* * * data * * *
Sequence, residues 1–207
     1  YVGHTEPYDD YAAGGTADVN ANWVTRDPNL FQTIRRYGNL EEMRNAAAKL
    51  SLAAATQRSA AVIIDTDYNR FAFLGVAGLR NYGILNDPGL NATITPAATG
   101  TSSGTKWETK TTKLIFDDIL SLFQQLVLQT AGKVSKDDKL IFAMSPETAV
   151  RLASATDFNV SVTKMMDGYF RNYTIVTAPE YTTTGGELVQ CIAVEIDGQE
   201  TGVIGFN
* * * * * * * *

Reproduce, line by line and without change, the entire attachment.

Sequence, residues 1–207
     1  YVGHTEPYDD YAAGGTADVN ANWVTRDPNL FQTIRRYGNL EEMRNAAAKL
    51  SLAAATQRSA AVIIDTDYNR FAFLGVAGLR NYGILNDPGL NATITPAATG
   101  TSSGTKWETK TTKLIFDDIL SLFQQLVLQT AGKVSKDDKL IFAMSPETAV
   151  RLASATDFNV SVTKMMDGYF RNYTIVTAPE YTTTGGELVQ CIAVEIDGQE
   201  TGVIGFN